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User-Created Digital Monopolies on the Social Web

For non-web based businesses, monopolies are often created by successful, global companies who buy out competitors and offer prices so low that local or regional entrepreneurs cannot compete. On the web, monopolies can be created similarly; but on social websites, monopolies are created in a way that is rare outside this world: by the user.

It is undeniable that our friends can help dictate which products we choose to purchase or which clubs we frequent. However, I have yet to see a business other than a social network that is rendered absolutely useless without our friends’ approval. If your friends dislike your favorite restaurant, it does not make your meal any less tasty. If your friends all wear Nike shoes, their preference certainly doesn’t make you run any slower in your Adidas sneakers. But if your friends are all Facebook devotees and you want to make the switch to Google+? It makes all the difference in the world.

How many social networks is too many?

The population of a social network makes or breaks your experience using the product. There are only so many networks that one can actively maintain, and sometimes the population of a mediocre website’s network wins out over the higher quality of a website with a smaller community. Sometimes if two products are different enough, people will use both. I believe Twitter and Facebook are an excellent example of this. Sure, they’re both intended for letting the world know what’s going on in your life, but they do it in way that is different enough to allow for both to not only survive, but flourish.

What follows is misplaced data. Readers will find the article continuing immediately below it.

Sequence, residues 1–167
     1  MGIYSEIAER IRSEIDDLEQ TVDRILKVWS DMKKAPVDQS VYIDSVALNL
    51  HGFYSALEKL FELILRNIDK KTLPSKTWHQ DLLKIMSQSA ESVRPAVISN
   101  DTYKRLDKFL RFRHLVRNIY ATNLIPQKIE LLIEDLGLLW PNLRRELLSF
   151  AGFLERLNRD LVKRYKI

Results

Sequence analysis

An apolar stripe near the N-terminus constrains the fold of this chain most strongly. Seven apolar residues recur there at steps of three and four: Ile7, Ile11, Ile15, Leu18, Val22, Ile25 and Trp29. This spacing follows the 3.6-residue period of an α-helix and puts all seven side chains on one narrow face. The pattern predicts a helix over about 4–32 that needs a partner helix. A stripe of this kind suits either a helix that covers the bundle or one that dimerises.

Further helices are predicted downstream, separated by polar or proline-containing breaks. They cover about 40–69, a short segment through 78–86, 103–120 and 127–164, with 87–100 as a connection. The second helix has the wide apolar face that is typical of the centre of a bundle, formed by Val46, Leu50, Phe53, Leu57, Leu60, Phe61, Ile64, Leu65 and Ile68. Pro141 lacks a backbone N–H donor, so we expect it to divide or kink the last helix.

Google+ was–for all intents and purposes–supposed to be ‘The Facebook Slayer.’  It still hasn’t happened, though. The interface is intuitive and user-friendly, but it doesn’t offer enough that Facebook lacks, and Facebook has 10% of the world’s population on its side.

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Grooveshark and Spotify are also examples of very similar social networks in the same space. I began my journey into the world of social music as a Grooveshark user. My girlfriend is an avid fan of the product (I’m actually not allowed to use the word “Spotify” around her) and she was the one who introduced me to the concept of virutally sharing what I was listening to with others. I occasionally use Grooveshark for sharing music with her, but most of the time you will find me on Spotify. Why? My co-workers, my high school friends, and most of my current classmates use it. Instead of sharing music with the handful of people I know that use Grooveshark and privately listening to that one N*Sync song that has been stuck in my head since 2001, I now share my life’s current soundtrack with a giant community of friends. It’s so convenient to know what all of my friends that are Pitchfork-loving indie enthusiasts are listening to, I don’t even care if they know that I played “It’s Gonna Be Me” six times yesterday.